The Hurons stared at the giant young Norman, as tall and broad as they, who was a Jesuit priest robed in black and with a full black beard on his gentle face. He was to live among them for nineteen years, patiently and with enormous difficulty learning their ways and language. He would eat their raw bear and moose meat, paddle many months and many miles in their canoes, build his rough chapel surrounded by their long houses, and win their respect and love, leading a small band of them into the Christian faith.
At length, joined by other "Blackrobes", Father Jean de Brébeuf erected a bit of Old France, with church and stockade, in the Canadian wilderness. Yet he saw his village chapels burned, his converts shunned and tortured, and his fellow priests murdered by the Iroquois, the enemy of the Hurons. Never disturbed by fears for his own safety, he also died at their hands after incredible tortures in 1649.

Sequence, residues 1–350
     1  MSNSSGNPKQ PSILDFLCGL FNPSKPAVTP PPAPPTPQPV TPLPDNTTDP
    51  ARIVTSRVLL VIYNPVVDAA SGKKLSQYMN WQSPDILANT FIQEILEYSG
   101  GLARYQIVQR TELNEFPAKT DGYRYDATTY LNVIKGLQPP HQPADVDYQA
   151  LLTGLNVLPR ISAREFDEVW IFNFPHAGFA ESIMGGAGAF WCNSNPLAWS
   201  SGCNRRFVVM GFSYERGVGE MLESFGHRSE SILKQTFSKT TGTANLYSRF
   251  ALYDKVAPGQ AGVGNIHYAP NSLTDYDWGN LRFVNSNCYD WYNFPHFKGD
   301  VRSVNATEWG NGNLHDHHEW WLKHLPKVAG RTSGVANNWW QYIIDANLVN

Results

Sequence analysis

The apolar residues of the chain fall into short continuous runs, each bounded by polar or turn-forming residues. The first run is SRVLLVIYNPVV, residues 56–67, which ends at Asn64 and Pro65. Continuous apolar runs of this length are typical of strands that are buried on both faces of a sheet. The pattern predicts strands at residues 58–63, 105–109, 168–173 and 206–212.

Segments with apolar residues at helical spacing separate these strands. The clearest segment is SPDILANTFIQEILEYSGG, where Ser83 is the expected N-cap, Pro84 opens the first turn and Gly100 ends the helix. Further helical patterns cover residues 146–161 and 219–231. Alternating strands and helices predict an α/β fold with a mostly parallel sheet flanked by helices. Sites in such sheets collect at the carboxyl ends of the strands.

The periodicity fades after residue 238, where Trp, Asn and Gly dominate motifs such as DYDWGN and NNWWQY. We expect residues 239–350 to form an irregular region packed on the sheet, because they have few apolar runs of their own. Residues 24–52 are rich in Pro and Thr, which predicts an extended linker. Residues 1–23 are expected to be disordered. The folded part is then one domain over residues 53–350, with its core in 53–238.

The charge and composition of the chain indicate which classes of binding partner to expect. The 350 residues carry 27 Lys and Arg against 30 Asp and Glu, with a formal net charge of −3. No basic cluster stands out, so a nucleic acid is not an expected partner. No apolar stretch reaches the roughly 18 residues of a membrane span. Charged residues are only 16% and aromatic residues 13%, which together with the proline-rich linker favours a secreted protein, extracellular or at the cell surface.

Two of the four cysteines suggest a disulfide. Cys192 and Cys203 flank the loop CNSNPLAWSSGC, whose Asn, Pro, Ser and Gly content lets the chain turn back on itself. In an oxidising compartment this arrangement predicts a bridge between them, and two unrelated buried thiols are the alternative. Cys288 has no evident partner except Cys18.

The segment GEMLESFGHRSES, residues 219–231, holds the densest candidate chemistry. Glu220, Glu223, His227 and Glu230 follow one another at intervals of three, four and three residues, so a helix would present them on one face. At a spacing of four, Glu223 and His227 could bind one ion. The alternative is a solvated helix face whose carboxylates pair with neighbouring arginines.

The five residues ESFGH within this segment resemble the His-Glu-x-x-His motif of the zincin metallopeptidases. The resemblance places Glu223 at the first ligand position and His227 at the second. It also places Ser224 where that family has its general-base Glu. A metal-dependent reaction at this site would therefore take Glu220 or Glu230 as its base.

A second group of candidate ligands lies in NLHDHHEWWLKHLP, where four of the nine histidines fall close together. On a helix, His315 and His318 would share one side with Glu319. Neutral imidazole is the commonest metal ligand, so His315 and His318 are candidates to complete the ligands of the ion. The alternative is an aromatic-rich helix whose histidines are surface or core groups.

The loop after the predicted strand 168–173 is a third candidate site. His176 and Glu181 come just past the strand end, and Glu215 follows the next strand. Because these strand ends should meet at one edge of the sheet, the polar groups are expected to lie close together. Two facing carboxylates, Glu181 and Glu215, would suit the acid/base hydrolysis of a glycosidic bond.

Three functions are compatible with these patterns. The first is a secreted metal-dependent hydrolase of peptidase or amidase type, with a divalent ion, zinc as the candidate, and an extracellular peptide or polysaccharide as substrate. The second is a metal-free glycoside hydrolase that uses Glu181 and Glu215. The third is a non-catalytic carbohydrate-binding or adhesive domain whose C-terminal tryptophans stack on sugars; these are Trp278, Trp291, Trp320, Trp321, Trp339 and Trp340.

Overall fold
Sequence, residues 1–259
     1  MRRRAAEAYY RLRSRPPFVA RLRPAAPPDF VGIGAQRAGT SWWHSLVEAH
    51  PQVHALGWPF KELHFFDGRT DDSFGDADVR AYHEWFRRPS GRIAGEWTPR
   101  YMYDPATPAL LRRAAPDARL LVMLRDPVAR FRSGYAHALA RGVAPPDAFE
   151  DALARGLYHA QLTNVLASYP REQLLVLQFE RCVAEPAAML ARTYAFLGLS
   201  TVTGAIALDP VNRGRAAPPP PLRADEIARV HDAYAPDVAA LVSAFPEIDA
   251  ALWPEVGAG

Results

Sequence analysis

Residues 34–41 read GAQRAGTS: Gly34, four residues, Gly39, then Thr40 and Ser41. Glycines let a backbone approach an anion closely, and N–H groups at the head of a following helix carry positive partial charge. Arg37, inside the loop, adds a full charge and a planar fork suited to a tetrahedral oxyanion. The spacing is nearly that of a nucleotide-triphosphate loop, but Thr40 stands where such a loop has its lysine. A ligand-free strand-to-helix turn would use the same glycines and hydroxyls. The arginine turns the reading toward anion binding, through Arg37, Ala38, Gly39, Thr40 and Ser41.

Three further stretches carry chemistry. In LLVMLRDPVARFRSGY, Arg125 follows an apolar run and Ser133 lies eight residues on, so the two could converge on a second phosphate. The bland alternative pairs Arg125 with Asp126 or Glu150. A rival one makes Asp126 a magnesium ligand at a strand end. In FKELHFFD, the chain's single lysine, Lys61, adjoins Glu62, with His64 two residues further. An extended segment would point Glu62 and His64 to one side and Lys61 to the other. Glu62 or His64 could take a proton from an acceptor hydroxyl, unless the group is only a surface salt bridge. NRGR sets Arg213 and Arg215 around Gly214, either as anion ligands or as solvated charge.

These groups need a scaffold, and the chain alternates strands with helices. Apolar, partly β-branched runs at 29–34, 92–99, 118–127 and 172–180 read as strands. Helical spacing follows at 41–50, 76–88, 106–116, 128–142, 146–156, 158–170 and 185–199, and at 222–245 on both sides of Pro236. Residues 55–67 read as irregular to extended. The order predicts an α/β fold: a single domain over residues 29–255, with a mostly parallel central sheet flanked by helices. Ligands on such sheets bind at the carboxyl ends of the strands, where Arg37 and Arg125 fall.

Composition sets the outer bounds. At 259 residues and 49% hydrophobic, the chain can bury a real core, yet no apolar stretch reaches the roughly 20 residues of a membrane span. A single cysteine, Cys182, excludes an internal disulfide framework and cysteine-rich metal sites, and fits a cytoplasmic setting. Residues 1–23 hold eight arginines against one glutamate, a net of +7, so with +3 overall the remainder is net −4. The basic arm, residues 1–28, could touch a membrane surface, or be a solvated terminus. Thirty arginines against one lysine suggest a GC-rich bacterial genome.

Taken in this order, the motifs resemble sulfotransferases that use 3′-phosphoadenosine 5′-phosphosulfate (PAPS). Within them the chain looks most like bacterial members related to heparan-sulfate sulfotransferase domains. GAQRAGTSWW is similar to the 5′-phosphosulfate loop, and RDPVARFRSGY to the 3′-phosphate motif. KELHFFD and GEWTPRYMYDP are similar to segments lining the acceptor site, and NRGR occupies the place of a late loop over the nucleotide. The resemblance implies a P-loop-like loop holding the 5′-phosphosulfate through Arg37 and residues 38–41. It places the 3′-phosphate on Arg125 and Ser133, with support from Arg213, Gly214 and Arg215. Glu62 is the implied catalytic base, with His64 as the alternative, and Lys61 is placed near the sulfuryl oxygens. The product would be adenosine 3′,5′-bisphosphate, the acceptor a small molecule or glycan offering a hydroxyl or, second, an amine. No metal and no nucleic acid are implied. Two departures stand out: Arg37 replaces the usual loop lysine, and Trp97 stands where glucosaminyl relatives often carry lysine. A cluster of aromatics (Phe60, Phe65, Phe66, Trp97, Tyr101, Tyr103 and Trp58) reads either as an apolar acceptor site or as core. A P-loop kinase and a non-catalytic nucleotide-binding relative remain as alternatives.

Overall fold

This swift-paced book is more than a biography of a great saint. It is a vital chapter in the tragic history of New France in North America, a story of the failure of colonization partially redeemed by the blood of the martyrs of the Church.